Trucker Yellow Is Suing Teamsters
Union Over Changes to Operations

A freight truck operated by Yellow, a less-than-truckload operator in the U.S. trucking market. PHOTO: YELLOW CORP.

Relations between trucker Yellow and the Teamsters union are growing more rancorous as the two sides negotiate a new multiyear labor agreement.

The trucking company filed a suit against the International Brotherhood of Teamsters on Tuesday, claiming the union is unjustly blocking a restructuring plan aimed at modernizing Yellow’s operations to better compete in the U.S.’s $58 billion less-than-truckload, or LTL, market.

Yellow said its proposed changes in operations are crucial if it is to survive in an industry dominated by nonunion carriers, particularly given the company’s need to refinance $1.3 billion in debt from loans maturing next year.

The Nashville, Tenn.-based company wants some drivers to do more work on docks, loading and unloading freight, and to use more transportation purchased from outside companies, including railroads and nonunion companies.


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Yellow said it has the right under the current labor contract to implement what it calls its “One Yellow” plan to restructure its operations and is seeking $137 million in damages from the Teamsters for allegedly breaching that agreement.

“Without these crucial reforms, which are standard practice in the industry today, Yellow likely will not survive,” Yellow said in a statement.

Yellow’s shares fell 22% to 99 cents a share in trading Tuesday.

Calling the lawsuit unfounded, Teamsters General President Sean M. O’Brien responded Tuesday that the union has adhered to the terms of its contract and that Yellow is asking workers to pay the price after blowing through a $700 million bailout from the federal government.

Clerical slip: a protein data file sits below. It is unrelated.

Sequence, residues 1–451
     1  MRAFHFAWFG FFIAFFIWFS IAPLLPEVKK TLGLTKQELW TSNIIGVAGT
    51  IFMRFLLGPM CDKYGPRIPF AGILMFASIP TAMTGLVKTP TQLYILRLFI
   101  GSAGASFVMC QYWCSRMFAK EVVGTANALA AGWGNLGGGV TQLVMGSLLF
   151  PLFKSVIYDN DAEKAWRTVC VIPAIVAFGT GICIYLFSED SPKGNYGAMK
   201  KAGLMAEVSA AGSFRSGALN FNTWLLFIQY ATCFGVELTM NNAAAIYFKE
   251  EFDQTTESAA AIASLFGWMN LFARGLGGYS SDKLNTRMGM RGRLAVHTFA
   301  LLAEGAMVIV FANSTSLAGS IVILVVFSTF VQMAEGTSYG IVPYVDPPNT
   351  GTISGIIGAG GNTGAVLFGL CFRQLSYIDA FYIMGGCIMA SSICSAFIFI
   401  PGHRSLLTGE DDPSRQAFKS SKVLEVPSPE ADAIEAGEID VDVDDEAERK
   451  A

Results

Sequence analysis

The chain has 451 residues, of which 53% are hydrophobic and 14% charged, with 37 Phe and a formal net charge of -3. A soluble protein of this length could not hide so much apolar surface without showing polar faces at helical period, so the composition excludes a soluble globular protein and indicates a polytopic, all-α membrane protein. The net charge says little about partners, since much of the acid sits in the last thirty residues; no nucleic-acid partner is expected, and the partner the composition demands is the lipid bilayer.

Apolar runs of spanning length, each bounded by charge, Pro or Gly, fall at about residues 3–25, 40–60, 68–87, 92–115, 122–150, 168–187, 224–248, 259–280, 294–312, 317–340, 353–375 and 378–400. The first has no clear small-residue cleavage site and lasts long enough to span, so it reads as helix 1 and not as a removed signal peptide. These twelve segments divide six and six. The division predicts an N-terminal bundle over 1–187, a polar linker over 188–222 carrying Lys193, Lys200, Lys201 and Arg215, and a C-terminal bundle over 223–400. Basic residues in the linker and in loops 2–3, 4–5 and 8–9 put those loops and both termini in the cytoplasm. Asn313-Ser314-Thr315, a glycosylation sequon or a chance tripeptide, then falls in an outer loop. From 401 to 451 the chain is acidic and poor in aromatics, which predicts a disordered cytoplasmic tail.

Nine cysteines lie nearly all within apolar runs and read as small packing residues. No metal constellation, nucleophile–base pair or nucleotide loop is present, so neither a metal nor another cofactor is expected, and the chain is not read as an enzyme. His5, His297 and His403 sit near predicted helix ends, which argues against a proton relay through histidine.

“For a company that loves to cry poor, Yellow’s executives seem to have no problem paying a team of high-priced lawyers to wage a public relations battle—all in a failed attempt to mask their incompetence,” he said.

The union, which represents some 22,000 workers at Yellow, said in March that it had “forcefully rejected” Yellow’s plan to go ahead with the changes.

The two sides started negotiating this year to replace a multiyear agreement that expires on March 31, 2024.

Yellow is the third-largest operator in the LTL business, in which carriers haul shipments from multiple customers on the same truck between factories, warehouses and retail stores, according to SJ Consulting. The company has struggled financially for several years, and cash holdings fell to $154.7 million at the end of this year’s first quarter ended March 31 from about $439 million at the end of 2020.

Yellow’s first-quarter net loss nearly doubled to $54.6 million as revenue declined in what executives called a soft freight environment. Rival nonunion carrier Old Dominion Freight Line, which has grown faster than Yellow in recent years, reported a $285 million net profit in the first three months of the year that was down 4.9% from the same quarter a year ago.

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